Adapted screenplays confront dreaded voice-over
By Todd Longwell
LOS ANGELES (Hollywood Reporter) - When it comes to adapting literary works for the big screen, British playwright David Hare says, one must be promiscuous to be faithful.
"You can't simply step your way through a book with perfect fidelity. If you do, the whole thing is completely dead," Hare argues. His principle was employed to varying degrees by all of this year's leading contenders for the adapted screenplay Oscar -- including Hare himself, who translated Bernhard Schlink's Holocaust-themed novel "The Reader" into script form.
Hare says the primary challenge with "The Reader" was the same one presented by most novels: the unspoken interior monologue in which characters freely express their thoughts.
"In cinema, there really isn't any equivalent to that, unless you use voice-over," observes Hare, who earned an Oscar nomination for his 2002 adaptation of the Michael Cunningham novel "The Hours." "Personally, I hate voice-over. I hate an actor droning at me, telling me all sorts of things that the screenwriter is too lazy to make obvious by writing scenes."
One of the ways screenwriter Justin Haythe gave voice to the internal turmoil of '50s suburbanite Frank Wheeler (Leonardo DiCaprio) in his adaptation of Richard Yates' "Revolutionary Road" was by taking a scene from the novel in which the character seduces a naive secretary over the course of a drunken lunch and adding an emotional rant, which simultaneously communicates his frustration with the humdrum conformity of his life and the back-story of his relationship with his father.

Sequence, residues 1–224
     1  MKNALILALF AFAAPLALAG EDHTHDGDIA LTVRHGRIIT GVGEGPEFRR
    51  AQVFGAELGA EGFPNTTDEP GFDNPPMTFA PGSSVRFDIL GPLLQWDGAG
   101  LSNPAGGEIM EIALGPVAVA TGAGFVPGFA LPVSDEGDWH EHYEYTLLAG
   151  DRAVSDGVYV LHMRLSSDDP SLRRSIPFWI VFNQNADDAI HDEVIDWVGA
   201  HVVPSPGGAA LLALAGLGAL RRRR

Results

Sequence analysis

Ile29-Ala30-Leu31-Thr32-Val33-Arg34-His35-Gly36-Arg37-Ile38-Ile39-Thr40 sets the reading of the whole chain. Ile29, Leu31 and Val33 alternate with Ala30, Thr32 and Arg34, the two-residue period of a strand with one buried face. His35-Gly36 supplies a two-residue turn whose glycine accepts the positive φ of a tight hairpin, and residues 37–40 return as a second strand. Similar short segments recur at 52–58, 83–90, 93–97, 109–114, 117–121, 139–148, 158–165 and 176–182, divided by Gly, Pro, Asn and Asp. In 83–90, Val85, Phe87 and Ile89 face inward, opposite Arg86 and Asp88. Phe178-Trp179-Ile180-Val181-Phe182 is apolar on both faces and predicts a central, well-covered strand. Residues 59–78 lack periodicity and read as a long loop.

"I don't think Frank would ever let his guard down, except at that moment with this girl," Haythe says. "In the book, you'd get this information by being given access to his internal life."
Hare says his principal invention for "The Reader" was a vehicle for the main character, Michael (played alternately by David Kross and Ralph Fiennes), to unburden himself of the secret he'd been carrying for decades about a teenage affair with an older woman (Kate Winslet) later accused of Nazi war crimes. Schlink has him do it by writing a book. But writing is hardly cinematic, "and he can't decide to tell it by making a film," Hare says, so he has Michael reveal his secret in a conversation with his adult daughter.
"Like all good adaptation ideas, it's suggested by the novel," Hare says. "Or I should say, I don't think the novelist will feel it's false to the novel." Continued...